Academy Awards Ratings Rise with Hit Movies Yet Far from Record Heights


The allure of Hollywood’s most glamorous night appeared to regain some of its sparkle as an estimated 19.5 million viewers tuned in to ABC on Sunday evening for the 96th Academy Awards ceremony. This represents the highest viewership for the Oscars in four years, but the increase is a moderate surge rather than a blockbuster triumph. It’s worth noting that last year’s audience counted 18.7 million. The 4% rise this year, according to ABC’s Monday announcement, stems from an all-time viewership low during the pandemic era.

In a bid to recapture the audience’s interest, the Oscars made notable changes to its approach. The ceremony was moved an hour earlier and, for the first time in recent memory, featured a roster of highly popular films with multiple nominations, such as “Barbie” and “Christopher Nolan’s Oppenheimer,” that a majority of viewers had actually watched.

The broadcast’s viewership peaked in the final 30 minutes. This crescendo witnessed Ryan Gosling deliver a memorable rendition of “I’m Just Ken” from “Barbie,” Cillian Murphy claiming the best actor accolade, Christopher Nolan being honored as best director for “Oppenheimer,” and Al Pacino’s idiosyncratic best picture announcement for the film. Emma Stone added to the climactic segment by winning the best actress award in what was one of the night’s most fiercely contested categories. Nearly 22 million viewers were captivated by her moment of triumph.

Despite these highlights, a potential impact on the start of the live telecast may have been caused by delays due to protests outside the Dolby Theatre, which slowed down the arrivals of attendees. Host Jimmy Kimmel commenced the ceremony approximately six minutes later than planned, though it remains uncertain whether this had any significant effect on the overall ratings.

“Everything, Everywhere All at Once,” last year’s Oscar heavyweight, enjoyed a respectable global box office return of $143 million. However, this paled in comparison to the financial successes of the “Barbenheimer” films— with “Oppenheimer” nearing the billion-dollar mark and “Barbie” surpassing it. Yet, even these box office giants failed to inflate the Oscars’ viewership to the levels that the Academy of Motion Picture Arts and Sciences and ABC might have anticipated.

Despite the modest ratings increase, the Oscars did manage to eclipse other major awards shows in terms of viewership, including the Grammys which attracted 16.9 million viewers in February, as well as the Golden Globes and the Emmy Awards, both of which had far fewer viewers earlier in the year.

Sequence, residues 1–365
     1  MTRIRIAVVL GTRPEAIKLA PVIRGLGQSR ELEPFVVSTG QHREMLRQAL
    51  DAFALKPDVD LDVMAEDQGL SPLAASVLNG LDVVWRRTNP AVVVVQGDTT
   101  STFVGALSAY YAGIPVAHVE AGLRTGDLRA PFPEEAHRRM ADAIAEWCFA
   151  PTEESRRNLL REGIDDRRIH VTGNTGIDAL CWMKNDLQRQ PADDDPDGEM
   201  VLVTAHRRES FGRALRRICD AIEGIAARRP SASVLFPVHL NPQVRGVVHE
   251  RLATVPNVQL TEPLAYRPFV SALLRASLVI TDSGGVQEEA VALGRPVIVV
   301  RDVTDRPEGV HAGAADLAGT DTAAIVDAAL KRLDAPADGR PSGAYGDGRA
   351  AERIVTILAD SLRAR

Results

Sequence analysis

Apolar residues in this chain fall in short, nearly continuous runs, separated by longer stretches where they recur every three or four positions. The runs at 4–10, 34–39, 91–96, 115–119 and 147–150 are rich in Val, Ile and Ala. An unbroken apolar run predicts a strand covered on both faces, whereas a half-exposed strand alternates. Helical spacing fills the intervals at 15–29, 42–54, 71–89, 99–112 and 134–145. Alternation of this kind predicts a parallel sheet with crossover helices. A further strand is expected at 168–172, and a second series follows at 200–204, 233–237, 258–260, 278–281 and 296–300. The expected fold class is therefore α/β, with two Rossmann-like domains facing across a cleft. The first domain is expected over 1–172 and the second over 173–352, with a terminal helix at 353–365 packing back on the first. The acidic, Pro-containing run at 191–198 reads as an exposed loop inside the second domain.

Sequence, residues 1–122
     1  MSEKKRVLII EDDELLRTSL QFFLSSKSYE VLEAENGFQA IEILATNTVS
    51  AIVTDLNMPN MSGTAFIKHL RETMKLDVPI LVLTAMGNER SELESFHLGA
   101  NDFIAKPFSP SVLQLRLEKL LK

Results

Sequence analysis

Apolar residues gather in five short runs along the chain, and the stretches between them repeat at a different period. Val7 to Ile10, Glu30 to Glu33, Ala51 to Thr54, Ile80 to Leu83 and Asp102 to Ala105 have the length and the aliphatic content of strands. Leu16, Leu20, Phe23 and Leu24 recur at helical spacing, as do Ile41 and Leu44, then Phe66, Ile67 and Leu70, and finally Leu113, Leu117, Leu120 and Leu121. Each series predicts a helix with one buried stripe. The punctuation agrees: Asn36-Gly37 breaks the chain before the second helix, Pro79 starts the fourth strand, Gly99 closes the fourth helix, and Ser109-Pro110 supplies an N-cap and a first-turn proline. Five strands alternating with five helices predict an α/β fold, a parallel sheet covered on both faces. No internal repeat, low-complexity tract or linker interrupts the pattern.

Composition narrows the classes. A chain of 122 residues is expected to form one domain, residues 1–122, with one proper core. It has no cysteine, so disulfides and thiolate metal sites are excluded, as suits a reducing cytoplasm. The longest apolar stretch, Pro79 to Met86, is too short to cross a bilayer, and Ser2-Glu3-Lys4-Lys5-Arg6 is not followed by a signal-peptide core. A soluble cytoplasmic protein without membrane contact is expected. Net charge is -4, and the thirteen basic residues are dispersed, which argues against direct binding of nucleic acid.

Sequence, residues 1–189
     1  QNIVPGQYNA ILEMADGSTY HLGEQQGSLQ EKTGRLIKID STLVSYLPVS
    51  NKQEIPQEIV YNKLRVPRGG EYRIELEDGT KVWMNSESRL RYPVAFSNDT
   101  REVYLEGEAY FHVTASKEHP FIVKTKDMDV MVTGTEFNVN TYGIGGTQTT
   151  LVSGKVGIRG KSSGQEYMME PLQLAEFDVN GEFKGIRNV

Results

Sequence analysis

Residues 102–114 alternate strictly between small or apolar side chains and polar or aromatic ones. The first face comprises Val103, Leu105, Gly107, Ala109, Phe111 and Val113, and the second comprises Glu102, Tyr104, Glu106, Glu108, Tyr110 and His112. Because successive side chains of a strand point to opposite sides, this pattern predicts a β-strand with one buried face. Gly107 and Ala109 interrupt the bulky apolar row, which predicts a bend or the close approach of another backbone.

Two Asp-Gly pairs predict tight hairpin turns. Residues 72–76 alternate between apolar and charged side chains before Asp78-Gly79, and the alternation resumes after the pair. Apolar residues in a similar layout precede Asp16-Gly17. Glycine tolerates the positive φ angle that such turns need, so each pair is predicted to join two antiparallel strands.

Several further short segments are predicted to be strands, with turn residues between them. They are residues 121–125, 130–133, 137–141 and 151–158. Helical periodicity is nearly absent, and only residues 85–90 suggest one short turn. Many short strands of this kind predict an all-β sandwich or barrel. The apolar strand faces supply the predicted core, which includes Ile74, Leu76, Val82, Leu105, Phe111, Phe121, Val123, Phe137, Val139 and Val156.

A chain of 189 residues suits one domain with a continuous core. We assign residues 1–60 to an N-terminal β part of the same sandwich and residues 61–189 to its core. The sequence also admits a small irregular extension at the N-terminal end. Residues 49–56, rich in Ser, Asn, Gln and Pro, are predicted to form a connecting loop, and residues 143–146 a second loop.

There was a time when the Academy Awards ranked as the second most-watched television event of the year after the Super Bowl. Up until 2018, Oscar viewership had never dipped below 30 million, per Nielsen records, with a pinnacle of 55 million tuning in to watch “Titanic” make a sweep back in 1998.

The steady decline from 43.7 million in 2014 to 26.5 million in 2018 was briefly interrupted with a viewership rise to 29.6 million in 2019, only to fall to 23.6 million in 2020. The pandemic struck a severe blow to the 2021 Oscars, which bottomed out at a measly 9.85 million views, followed by a slight rebound to 16.6 million in 2022—the infamous year of “the Slap.”

It is not simply about the films or their creators; the shifting generational trends towards streaming and other video forms have significantly eroded traditional broadcast television viewership. Few events, barring the Super Bowl, continue to command the massive audiences of yesteryears.

On a related note, thanks to the Oscars lead-in, ABC’s sitcom “Abbott Elementary” secured a series high viewership of 6.9 million. The episode smartly tied itself to the Oscars, featuring Bradley Cooper in a guest spot undergoing a roast in a classroom after a demanding Oscar campaign season.

The Oscars may not have recaptured their historic ratings glory, but with blockbuster films in play and a slight uptick in interest, Hollywood’s big night still manages to hold a place in the cultural spotlight.

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